Christian Jens

A nerd's diary

How does HTTPS work, a closer look

Many of us put a lot of trust in websites. We do our banking online, buy things in online shops, sign in to web sites and give out personal information. But why do we trust these websites? Probably because we trust the company behind it. Using Amazon is very convenient but to use that service we need to enter a payment method, our credit card for example and an address for shipping. We trust that Amazon will treat that sensitive data consciously. And that’s fair enough, Amazon has a good reason to keep your data safe. But how can we be sure that our data arrives safely? When we send that data to Amazon, we probably don’t want anybody else to read that information on the fly. Well, that’s where the browsers green padlock comes into play. That padlock indicates an HTTPS connection, a secure connection. But how does HTTPS work? Let’s take a closer look

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From zero to Kali on a MacBook with external WiFi

Kali VM on a MacBook Pro

Yesterday my eagerly awaited package was in the mail. I received my Atheros AR9271 USB WiFi Adapter that I ordered from AliExpress. A network interface that can easily be used with Kali Linux. Better yet, since it’s a USB adapter, it can be used within a virtual machine as a WiFi interface. Perfect! So we have everything we need to go from zero to Kali on a MacBook with external WiFi. Let’s get this up and running!

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A Dystopia becomes Reality – A Social Credit Score to rate them all

It was funny, maybe even a bit scary, when I watched the movie The Circle with Emma Watson and Tom Hanks a few weeks ago. It’s a movie that draws a future in which we are surveilled 24/7. Not by the government, but by ourselves through social media. Our social behavior is the center of our lives. If everyone knew what we were doing, we wouldn’t be in danger any more. People would act sincere. At least that’s the premise. Just a few days later I read about Chinas attempt to implement a Social Credit Score by 2020 that follows the same idea. That’s when it hit me, our reality is now actually worse than what we see in movies. How can that be? When did we overtake the dystopian sci-fi movies and actually created something even darker?

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Secure cookies for the web

So the other day my father and I had one of our infamous tech discussion, one of the kind were the people around us would start a side talk as the two of us would got lost in our topics. One of the subjects we came across, was cookies and he told me he disables them and then selectively enables cookies for a few pages. He also told me, why he does so and it came down to two reasons. First, he is concerned about his privacy – and that is good, we all should be more concerned about that! The second reason is security and the lack of secure cookies. Cookies are not evil in themselves, they are, however, often implemented poorly and therefore I can understand both concerns. So, let’s see how to tackle cookies in the web.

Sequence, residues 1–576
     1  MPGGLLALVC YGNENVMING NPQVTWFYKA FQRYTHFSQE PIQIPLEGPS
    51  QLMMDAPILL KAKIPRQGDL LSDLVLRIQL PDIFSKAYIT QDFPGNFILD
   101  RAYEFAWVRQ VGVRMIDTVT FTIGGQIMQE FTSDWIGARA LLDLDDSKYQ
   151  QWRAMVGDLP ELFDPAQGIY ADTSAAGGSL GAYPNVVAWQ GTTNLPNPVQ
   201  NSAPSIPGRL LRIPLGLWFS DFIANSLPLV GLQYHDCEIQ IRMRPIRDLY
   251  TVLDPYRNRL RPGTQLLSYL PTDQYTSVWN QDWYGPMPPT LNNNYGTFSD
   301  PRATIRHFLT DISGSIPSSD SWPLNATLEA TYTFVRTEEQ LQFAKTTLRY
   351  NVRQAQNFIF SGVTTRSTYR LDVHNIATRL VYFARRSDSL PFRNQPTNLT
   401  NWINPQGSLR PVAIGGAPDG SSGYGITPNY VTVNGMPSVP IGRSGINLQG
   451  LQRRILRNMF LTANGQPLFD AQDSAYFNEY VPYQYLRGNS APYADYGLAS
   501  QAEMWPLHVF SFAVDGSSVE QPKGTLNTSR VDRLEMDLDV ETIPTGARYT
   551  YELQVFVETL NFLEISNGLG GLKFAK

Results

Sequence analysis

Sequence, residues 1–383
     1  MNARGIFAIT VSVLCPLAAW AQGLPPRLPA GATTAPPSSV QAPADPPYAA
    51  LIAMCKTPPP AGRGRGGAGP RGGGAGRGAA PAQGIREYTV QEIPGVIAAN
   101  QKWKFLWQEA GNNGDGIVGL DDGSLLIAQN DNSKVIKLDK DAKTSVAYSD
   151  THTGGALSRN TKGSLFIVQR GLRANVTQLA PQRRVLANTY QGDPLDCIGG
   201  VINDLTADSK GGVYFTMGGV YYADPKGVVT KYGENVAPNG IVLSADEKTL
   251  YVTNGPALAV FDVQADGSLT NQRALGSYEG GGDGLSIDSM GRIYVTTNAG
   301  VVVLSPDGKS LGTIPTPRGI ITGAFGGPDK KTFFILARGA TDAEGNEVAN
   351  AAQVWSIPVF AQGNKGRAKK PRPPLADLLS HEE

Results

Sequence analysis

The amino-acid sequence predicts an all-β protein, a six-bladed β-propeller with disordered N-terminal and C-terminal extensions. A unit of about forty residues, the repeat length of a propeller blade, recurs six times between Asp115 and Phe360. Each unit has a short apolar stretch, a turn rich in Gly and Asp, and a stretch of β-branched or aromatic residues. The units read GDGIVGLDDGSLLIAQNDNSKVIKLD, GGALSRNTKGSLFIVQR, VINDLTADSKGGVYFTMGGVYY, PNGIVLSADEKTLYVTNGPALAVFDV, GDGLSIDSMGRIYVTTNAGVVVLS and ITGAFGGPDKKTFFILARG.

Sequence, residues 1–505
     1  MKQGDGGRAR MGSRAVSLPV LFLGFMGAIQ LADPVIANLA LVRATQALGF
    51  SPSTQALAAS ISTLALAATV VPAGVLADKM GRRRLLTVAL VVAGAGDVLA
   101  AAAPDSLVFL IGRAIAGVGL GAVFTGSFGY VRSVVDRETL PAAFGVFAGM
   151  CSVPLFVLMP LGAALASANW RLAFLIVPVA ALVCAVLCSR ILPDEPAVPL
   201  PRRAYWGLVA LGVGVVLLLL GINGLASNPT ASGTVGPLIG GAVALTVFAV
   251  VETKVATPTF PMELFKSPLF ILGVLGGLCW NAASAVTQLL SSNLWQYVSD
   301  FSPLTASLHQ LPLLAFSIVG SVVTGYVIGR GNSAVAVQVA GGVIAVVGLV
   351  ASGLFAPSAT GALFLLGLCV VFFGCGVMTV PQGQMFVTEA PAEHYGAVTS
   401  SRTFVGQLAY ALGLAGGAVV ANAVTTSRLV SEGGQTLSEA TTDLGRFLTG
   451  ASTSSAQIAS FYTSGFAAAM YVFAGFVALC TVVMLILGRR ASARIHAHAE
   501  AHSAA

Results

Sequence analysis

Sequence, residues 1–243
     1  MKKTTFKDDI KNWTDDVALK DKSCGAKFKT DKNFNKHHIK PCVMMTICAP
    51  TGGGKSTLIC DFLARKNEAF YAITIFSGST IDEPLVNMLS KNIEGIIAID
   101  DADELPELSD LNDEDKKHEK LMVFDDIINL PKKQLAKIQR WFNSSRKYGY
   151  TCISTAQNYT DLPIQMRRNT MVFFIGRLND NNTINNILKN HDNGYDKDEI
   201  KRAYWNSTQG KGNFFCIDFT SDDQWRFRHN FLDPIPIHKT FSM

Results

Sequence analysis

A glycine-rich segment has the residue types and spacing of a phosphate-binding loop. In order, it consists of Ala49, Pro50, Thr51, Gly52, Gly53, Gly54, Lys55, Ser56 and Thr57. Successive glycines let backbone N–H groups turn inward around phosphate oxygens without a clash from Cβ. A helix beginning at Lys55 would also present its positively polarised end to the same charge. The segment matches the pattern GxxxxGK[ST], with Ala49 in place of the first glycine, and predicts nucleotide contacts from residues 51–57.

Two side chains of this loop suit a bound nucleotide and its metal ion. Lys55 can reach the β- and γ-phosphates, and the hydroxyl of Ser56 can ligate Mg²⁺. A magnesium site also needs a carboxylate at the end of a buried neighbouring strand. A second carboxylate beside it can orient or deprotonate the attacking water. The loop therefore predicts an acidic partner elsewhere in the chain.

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Just use a Password Manager already, it’s like insurance

I know, using a Password Manager is a somehow geeky thing to do. The setup takes time and you probably have better things to do. But in today’s world you have to think of it as an insurance. You probably think nobody wants your data and why should you be a target anyways, you’re just an average person on the web, correct? Well, we’ll get to that, but first let me ask you something: Did you spend time to get some kind of insurance? Maybe a fire insurance for your house or an extended health insurance that covers your teeth? You didn’t do that because you want your house to burn down or your teeth to fall out, you did it to be prepared if the worst case happened. You could ask the same questions: Why would somebody light a fire to burn your home down? Why would you not pay attention to burning candles, yet everyone understands that these things could happen. There’s a slight chance that it might hit you, so you get insurance.

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